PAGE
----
Patanjali, who wrote the Yoga Sutra around 200 AD, outlines the eight limbs of yoga, a path to follow when developing a yoga practice. Yama and Niyama, outlined in the last several blog posts, are the first of the two limbs. The third is Asana, or yoga postures.
It’s important to note that there is no hierarchy here -- none of these limbs is more important than the others. Here in the West, when we think of yoga, we think of the physical postures. But they are just one small part of a yoga practice.
The benefits of asana practice are innumerable – regular practice of yoga improves your strength, stamina, flexibility, balance, and overall health. Yoga also will calm your mind, improve your concentration, and help you feel more grounded.
Most regular practitioners of yoga know that the benefits go deeper the more you practice. You have insights, great ideas, and inspirations while practicing yoga – you ask questions of yourself and solve problems. It seems that while busying the body with physical activity that at the same time calms and focuses the mind, there is room for new information in the brain.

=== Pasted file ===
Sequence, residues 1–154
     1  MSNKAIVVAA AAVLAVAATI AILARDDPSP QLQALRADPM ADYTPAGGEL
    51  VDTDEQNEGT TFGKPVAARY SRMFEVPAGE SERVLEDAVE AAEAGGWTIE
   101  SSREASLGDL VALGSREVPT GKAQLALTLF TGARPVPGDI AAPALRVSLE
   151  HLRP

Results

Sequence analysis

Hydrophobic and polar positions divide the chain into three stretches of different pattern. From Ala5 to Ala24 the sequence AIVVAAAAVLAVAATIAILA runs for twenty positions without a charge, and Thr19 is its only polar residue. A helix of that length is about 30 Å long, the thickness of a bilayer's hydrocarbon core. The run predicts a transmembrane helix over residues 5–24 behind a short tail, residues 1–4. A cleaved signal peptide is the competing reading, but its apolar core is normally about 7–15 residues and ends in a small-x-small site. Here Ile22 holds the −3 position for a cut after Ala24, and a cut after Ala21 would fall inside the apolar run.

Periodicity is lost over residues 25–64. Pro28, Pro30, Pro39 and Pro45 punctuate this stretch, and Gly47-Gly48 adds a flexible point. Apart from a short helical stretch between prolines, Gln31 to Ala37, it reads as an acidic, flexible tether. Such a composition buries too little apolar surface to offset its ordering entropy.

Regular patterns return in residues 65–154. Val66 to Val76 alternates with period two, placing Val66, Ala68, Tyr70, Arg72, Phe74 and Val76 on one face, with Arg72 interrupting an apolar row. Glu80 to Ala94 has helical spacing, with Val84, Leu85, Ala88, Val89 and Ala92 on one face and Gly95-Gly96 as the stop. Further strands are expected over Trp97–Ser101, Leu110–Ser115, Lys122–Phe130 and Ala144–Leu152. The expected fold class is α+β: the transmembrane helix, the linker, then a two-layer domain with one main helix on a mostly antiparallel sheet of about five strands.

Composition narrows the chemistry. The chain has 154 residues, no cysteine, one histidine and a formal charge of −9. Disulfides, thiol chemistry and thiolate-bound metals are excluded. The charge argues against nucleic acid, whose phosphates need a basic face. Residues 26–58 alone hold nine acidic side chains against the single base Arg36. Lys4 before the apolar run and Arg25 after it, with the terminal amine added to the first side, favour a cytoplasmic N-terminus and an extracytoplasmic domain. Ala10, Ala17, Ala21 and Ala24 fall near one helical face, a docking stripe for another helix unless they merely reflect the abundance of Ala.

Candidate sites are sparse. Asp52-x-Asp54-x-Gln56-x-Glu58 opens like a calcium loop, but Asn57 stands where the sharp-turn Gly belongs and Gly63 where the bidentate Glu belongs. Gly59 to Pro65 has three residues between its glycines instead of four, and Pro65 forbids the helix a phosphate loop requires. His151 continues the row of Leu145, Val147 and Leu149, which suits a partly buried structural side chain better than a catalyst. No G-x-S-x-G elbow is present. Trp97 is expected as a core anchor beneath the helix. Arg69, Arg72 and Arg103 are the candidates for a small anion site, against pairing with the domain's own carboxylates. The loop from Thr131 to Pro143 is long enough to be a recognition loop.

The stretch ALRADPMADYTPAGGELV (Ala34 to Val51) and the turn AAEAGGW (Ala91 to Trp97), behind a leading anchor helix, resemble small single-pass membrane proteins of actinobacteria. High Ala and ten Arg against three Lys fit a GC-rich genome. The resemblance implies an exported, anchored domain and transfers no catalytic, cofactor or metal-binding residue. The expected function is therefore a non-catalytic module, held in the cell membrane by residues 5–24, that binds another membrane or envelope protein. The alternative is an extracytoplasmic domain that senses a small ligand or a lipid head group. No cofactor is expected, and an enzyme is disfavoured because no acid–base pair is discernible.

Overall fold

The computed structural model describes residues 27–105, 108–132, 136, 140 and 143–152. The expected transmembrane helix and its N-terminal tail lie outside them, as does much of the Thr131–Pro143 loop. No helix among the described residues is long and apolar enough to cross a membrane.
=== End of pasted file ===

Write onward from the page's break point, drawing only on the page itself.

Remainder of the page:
Many of my students have remarked on how I keep a notepad with me while teaching, and often pause to jot something down. No, I am not grading you on your performance in class! Usually I am making note of an idea that popped into my head while stretching and breathing – something I don’t want to forget.
Regarding asana practice, renowned yoga teacher BKS Iyengar wrote,
"This down-to-earth, flesh-and-bones practice is simply one of the most direct and expedient ways to meet yourself. … This limb of yoga practice reattaches us to our body. In reattaching ourselves to our bodies we reattach ourselves to the responsibility of living a life guided by the undeniable wisdom of our body."
I hope to see you in class sometime soon!